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Volume 106, Issue 7, Pages 1087-1094 (July 2006) 20 of 30

Eating Disorder Nutrition Counseling:

Strategies and Education Needs of
English-Speaking Dietitians in Canada
Jadine Cairns, MSc, RD , Ryna Levy Milne, PhD, RD


The purpose of this study was to profile nutrition counseling strategies for eating
disorders that English-speaking Canadian registered dietitians (RDs) use and to
explore their educational needs in this area. A cross-sectional survey consisting of
open- and closed-ended questions on nutrition counseling strategies was
developed and administered via mail. Types of strategies included assessment,
rapport-building, educational, and behavior-change strategies. Sixty-five of the
116 eligible RDs who were members of the Dietitians of Canada Eating Disorder
Network responded to the survey. Descriptive statistics, χ2, and Spearman
correlation statistics were used. P values less than 0.05 were considered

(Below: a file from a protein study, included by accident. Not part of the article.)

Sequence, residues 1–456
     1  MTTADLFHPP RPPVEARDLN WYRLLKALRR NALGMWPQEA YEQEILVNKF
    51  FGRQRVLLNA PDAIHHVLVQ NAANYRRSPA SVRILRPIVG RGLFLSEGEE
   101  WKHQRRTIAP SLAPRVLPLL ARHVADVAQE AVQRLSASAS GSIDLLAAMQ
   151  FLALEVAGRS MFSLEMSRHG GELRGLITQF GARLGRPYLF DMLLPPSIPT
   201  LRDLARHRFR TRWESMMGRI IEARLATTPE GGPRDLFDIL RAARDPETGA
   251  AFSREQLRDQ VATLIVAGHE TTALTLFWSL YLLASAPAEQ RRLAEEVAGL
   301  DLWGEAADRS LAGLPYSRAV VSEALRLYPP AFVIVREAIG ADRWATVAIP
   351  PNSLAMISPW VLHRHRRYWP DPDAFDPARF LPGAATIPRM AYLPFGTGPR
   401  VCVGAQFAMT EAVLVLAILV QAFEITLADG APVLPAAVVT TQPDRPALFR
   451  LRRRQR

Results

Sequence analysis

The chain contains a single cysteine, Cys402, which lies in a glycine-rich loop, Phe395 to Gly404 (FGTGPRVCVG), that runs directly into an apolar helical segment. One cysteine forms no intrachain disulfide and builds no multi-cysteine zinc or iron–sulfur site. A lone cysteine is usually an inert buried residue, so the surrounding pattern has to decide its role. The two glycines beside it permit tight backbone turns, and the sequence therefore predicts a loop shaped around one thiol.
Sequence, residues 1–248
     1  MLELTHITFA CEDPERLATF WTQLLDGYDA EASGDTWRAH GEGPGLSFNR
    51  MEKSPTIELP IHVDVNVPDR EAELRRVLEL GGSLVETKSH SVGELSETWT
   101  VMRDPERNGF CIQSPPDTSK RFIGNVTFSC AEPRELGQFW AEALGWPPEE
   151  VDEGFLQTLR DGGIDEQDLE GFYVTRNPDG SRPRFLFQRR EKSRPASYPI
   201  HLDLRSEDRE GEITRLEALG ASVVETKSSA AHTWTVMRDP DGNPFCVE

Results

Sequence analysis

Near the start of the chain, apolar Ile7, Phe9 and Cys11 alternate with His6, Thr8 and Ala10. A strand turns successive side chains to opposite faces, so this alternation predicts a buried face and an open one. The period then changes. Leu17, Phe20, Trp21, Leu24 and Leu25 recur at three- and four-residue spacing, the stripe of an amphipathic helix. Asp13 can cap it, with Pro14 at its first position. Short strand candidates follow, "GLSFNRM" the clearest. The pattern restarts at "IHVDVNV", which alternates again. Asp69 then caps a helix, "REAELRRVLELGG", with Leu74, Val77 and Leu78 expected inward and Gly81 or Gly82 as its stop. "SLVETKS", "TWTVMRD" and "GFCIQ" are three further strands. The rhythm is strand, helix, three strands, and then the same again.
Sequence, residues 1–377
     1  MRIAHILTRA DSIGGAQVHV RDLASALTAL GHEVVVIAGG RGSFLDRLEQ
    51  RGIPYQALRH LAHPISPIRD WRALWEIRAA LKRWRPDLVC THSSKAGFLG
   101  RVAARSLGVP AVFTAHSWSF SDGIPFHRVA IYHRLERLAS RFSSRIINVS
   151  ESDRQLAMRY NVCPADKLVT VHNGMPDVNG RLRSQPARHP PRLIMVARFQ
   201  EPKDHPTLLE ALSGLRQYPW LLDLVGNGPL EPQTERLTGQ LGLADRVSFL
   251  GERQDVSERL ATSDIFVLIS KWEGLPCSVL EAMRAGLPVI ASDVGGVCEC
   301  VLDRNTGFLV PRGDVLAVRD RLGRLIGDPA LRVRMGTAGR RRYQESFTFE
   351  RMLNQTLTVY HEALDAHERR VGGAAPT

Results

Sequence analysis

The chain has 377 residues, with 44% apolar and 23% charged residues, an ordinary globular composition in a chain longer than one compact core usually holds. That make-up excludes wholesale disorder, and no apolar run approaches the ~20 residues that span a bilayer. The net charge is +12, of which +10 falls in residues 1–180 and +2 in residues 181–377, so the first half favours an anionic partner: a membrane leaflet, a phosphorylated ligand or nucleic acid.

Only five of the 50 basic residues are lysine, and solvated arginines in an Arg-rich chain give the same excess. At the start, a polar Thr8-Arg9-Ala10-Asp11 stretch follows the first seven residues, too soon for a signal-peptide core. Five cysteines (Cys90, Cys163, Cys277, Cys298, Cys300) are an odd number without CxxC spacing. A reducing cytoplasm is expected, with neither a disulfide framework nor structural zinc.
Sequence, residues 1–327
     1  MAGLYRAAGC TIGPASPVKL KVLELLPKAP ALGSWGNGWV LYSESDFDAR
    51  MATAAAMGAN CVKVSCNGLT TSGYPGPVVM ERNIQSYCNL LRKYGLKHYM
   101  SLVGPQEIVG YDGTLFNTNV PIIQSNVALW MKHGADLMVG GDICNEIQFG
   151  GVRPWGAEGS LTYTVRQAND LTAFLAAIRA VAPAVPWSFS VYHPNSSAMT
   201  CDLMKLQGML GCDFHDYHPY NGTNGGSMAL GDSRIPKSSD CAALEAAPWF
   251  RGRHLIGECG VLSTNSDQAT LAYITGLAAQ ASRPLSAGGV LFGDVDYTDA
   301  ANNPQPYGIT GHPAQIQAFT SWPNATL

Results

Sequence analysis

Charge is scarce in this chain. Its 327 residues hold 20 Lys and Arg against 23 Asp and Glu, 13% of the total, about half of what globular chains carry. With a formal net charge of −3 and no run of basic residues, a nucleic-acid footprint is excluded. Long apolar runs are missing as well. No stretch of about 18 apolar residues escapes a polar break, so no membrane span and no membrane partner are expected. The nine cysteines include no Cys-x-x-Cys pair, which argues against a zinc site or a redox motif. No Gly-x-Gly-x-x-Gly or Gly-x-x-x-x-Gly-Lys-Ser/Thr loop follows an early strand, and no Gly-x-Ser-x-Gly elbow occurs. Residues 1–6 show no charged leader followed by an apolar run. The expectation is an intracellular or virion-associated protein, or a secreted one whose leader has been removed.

significant. Canadian RDs used strategies that were familiar and strategies they
considered useful. Content-oriented or “doing” strategies were used more often
than strategies that involved some process-oriented or “thinking” strategies.
Reading and intuition were the most frequently reported learning routes. Seventy-
one percent of respondents were dissatisfied with the educational opportunities
available to RDs in this area in Canada. In Canada, both generalist RDs and
specialist eating disorders RDs work with clients with eating disorders. In the
absence of a formal nutrition counseling education program, there seems to be a
reliance on informal learning routes such as reading or intuition, which may be
suboptimal. To optimize eating disorders nutrition practice in Canada, formal
coordinated programming that accounts for the educational needs of specialist
RDs as well as generalist RDs is needed.